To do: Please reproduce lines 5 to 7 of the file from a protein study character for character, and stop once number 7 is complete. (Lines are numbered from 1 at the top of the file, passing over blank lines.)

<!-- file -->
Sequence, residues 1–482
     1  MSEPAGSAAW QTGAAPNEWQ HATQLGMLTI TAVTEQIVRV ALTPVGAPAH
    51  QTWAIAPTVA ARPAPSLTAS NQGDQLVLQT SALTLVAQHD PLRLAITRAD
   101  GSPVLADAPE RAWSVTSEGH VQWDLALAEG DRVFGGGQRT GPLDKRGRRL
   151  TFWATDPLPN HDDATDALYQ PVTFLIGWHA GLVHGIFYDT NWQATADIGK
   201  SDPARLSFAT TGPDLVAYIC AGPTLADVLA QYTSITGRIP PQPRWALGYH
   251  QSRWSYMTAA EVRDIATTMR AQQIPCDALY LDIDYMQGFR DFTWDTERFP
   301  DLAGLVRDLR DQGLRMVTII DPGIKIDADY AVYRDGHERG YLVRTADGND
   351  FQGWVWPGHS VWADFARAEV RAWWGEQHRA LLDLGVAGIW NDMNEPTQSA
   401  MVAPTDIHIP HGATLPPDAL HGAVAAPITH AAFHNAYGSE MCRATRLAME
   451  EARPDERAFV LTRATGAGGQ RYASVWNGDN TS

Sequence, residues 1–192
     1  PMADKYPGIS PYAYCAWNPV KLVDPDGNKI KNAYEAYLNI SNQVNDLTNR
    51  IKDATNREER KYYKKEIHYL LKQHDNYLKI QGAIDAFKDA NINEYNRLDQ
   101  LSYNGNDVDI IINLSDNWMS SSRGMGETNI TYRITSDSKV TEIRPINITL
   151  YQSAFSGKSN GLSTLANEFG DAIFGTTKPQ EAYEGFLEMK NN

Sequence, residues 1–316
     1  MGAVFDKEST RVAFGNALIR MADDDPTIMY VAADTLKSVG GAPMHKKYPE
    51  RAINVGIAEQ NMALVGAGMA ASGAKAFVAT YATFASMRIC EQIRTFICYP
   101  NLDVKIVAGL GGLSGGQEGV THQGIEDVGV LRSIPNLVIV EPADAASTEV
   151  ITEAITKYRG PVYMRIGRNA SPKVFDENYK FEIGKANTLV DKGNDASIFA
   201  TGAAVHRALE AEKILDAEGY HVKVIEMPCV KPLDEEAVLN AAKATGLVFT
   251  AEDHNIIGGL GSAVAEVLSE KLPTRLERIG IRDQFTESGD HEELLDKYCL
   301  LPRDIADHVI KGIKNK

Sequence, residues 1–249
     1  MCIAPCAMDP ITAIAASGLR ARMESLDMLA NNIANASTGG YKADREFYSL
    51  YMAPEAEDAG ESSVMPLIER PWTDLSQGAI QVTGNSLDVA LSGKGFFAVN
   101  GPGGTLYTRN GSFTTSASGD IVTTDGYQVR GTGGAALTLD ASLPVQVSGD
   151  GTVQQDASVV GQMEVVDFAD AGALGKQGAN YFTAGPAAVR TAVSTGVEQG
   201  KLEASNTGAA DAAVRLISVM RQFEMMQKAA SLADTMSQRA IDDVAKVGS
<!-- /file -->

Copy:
   151  TFWATDPLPN HDDATDALYQ PVTFLIGWHA GLVHGIFYDT NWQATADIGK
   201  SDPARLSFAT TGPDLVAYIC AGPTLADVLA QYTSITGRIP PQPRWALGYH
   251  QSRWSYMTAA EVRDIATTMR AQQIPCDALY LDIDYMQGFR DFTWDTERFP